Authors:Hachmi Ben Dhia; Shuimiao Du Abstract: The surface micro-interaction model of Lennard-Jones (LJ) is used for adhesive contact problems (ACP). To address theoretical and numerical pitfalls of this model, a sequence of partitions of contact models is adaptively constructed to both extend and approximate the LJ model. It is formed by a combination of the LJ model with a sequence of shifted-Signorini (or, alternatively, -Linearized-LJ) models, indexed by a shift parameter field. For each model of this sequence, a weak formulation of the associated local ACP is developed. To track critical localized adhesive areas, a two-step strategy is developed: firstly, a macroscopic frictionless (as first approach) linear-elastic contact problem is solved once to detect contact separation zones. Secondly, at each shift-adaptive iteration, a micro-macro ACP is re-formulated and solved within the multiscale Arlequin framework, with significant reduction of computational costs. Comparison of our results with available analytical and numerical solutions shows the effectiveness of our global strategy. PubDate: 2018-05-02 DOI: 10.1007/s00466-018-1578-5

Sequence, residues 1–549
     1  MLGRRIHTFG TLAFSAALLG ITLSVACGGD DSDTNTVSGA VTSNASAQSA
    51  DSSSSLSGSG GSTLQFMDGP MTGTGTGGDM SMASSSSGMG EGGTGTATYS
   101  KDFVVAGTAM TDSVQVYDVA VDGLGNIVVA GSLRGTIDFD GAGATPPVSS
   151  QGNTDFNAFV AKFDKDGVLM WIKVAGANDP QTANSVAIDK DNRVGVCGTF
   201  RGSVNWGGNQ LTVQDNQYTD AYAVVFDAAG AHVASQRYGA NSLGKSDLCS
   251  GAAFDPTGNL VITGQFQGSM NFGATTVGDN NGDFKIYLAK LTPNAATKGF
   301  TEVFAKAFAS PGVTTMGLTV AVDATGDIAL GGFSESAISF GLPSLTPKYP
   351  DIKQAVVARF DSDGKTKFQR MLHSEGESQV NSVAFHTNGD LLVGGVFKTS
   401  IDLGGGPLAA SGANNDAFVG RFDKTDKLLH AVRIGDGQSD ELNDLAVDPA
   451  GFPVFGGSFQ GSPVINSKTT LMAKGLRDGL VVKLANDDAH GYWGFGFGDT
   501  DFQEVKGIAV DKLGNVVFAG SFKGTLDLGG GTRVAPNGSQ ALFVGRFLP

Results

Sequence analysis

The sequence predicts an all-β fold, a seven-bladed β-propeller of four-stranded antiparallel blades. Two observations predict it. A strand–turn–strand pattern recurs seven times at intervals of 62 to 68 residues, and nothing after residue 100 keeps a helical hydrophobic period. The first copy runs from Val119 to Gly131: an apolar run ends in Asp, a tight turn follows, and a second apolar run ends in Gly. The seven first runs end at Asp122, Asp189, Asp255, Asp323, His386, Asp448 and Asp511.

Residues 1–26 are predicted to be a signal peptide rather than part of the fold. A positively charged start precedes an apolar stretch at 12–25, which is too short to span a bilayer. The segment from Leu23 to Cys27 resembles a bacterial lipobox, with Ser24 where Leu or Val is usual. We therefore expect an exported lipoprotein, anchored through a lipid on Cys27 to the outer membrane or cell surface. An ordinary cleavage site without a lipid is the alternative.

Authors:Jonathan Köbler; Matti Schneider; Felix Ospald; Heiko Andrä; Ralf Müller Abstract: For short fiber reinforced plastic parts the local fiber orientation has a strong influence on the mechanical properties. To enable multiscale computations using surrogate models we advocate a two-step identification strategy. Firstly, for a number of sample orientations an effective model is derived by numerical methods available in the literature. Secondly, to cover a general orientation state, these effective models are interpolated. In this article we develop a novel and effective strategy to carry out this interpolation. Firstly, taking into account symmetry arguments, we reduce the fiber orientation phase space to a triangle in \({\mathbb {R}}^2\) . For an associated triangulation of this triangle we furnish each node with an surrogate model. Then, we use linear interpolation on the fiber orientation triangle to equip each fiber orientation state with an effective stress. The proposed approach is quite general, and works for any physically nonlinear constitutive law on the micro-scale, as long as surrogate models for single fiber orientation states can be extracted. To demonstrate the capabilities of our scheme we study the viscoelastic creep behavior of short glass fiber reinforced PA66, and use Schapery’s collocation method together with FFT-based computational homogenization to derive single orientation state effective models. We discuss the efficient implementation of our method, and present results of a component scale computation on a benchmark component by using ABAQUS ®. PubDate: 2018-04-13 DOI: 10.1007/s00466-017-1478-0